A lesson from the French history India must learn if it wants to keep its civilisational ethos intact.
It may be surprising to some readers, but even about 230 years ago, democracy was not a mainstream ideology in much of the Western world. Except for the United Kingdom and the United States, no other country followed a ‘democratic tradition’ in the modern sense of the phrase. The French Revolution was a pivotal event in world history because it decisively altered this situation.
A group of French schoolteachers was instrumental in ensuring that people were not tired of disorder, large scale killing and war-mongering that the French Revolution had caused. They helped establish the Third Republic after the war of 1870. After the First World War, the very same people were afflicted with the dangerous disease of extreme pacifism and caused France’s quick defeat at the hands of German dictator Adolf Hitler’s invading armies.
Barnett Singer in the paper ‘From Patriots to Pacifists: The French Primary School Teachers, 1880-1940’ chronicles this journey quite well.
That education, made obligatory, free and secular, was thoroughly moral and patriotic. In fact, such institutional patriotism might be seen as a religious stop-gap after the decline of folklore, and before mass diversion became the new religion. If so, the village schoolteachers, with their stirring curriculum as Bible, were the high priests of nation-worship before 1914.
The primary schoolteachers had a lot of influence on the way the curriculum was framed too.
Paul Bert’s Instruction civique et morale a lI’cole (1881) links education to the coming of national solidarity. In addition to texts, contemporary examination questions now seem the height of patriotic naivete. For example, a composition subject for the cours elementaire, 16 August 1884: “At the hospital of Toulon, a young sergeant receives an amputation for a wound incurred in Indochina. The wounded man wakes up, looks at the wound. He says: ‘Better to have that than to be a Prussian’. The sergeant was from Metz.” It is difficult for us to recapture the feelings such a subject would inspire or to realize how repeatedly patriotic certitude was reinforced.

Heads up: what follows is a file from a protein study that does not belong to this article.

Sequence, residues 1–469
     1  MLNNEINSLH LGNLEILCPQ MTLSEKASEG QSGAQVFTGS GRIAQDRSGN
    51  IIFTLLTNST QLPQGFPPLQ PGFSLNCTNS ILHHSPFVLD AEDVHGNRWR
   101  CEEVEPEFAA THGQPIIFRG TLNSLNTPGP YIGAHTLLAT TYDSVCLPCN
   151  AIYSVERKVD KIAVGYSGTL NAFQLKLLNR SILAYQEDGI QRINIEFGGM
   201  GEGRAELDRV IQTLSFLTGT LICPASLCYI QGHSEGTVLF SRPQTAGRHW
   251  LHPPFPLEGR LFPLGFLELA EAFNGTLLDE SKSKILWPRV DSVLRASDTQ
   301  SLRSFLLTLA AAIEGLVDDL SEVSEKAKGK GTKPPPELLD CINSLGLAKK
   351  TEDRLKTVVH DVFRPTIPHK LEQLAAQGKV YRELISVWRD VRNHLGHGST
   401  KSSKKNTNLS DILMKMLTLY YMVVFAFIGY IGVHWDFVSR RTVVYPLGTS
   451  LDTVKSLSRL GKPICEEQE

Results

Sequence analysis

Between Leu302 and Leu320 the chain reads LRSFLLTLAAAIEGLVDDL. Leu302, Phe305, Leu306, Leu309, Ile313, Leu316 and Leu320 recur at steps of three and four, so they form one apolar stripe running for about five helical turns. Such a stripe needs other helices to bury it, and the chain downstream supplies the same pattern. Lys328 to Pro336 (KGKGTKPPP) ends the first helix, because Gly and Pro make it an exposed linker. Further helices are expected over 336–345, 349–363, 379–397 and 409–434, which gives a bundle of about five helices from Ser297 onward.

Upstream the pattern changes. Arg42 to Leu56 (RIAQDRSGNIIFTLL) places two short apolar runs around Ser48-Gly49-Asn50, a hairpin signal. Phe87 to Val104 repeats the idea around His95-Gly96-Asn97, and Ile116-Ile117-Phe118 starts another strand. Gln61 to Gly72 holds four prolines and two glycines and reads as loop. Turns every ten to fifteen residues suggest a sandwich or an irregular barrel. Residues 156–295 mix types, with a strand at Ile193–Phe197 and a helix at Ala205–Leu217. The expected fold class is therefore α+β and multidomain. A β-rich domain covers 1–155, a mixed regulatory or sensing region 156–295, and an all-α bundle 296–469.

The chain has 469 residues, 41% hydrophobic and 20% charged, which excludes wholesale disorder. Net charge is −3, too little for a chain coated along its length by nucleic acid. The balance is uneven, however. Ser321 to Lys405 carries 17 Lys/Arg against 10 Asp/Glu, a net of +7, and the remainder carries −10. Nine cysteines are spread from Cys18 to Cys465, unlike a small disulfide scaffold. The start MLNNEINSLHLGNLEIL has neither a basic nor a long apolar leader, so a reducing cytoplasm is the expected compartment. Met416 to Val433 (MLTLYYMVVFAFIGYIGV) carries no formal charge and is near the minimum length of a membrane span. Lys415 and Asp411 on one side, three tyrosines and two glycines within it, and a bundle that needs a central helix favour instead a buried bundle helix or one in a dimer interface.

This patriotism that the schoolteachers were trying to infuse was not the natural one that comes to anyone who loves their family, treasures their community and nation. It was as Barnett said, of a ‘scholastic’ kind which tries to transfer those old loyalties to the new experiment that the ‘Republic’ was. It was probably the first time in mainland Europe that the left was attempting to leverage institutional control to secure the loyalty of a nation’s people. They were succeeding. By they, I mean the first generation of leftist schoolteachers, who had first-hand experience of the war of 1870 and the defeat at the hands of the Prussians.
The second generation (early 20th century) had no such background. Ignorant of their traditions, wedded to the idea of the republic rather than having a deep relationship with their communities, they joined a movement which led to the downfall of the Third Republic. They were increasingly influential and pacifist. They were however, still quite small in number.
The radical minority then grew bolder, and a former teacher, Gustave Herve, attained a certain notoriety for his opinion that the flag of Wagram should be planted on a dungheap.
These teachers coalesced around the syndicalist movement which succeeded in taking control of the Federation of Teachers in 1912. The French government dissolved the federation almost immediately. The true impact of this movement was to be felt only after the First World War.
The First World War came with huge human casualties for France. Around 1.15 million French died on the battlefields of Europe. With the fall of the House of Hohenzollern and the Imperial Habsburgs, the rest of western Europe abandoned the tried and tested monarchical form of government for a democratic one. That aside, the loss of 1.15 million young people dealt a huge blow to the French psyche. The millions permanently handicapped by the war, the news of the gas attacks and other forms of mutual slaughter helped create a sense of disgust for war in the French populace. Some of the French who fell in defence of their fatherland were pacifist schoolteachers who had changed their mind.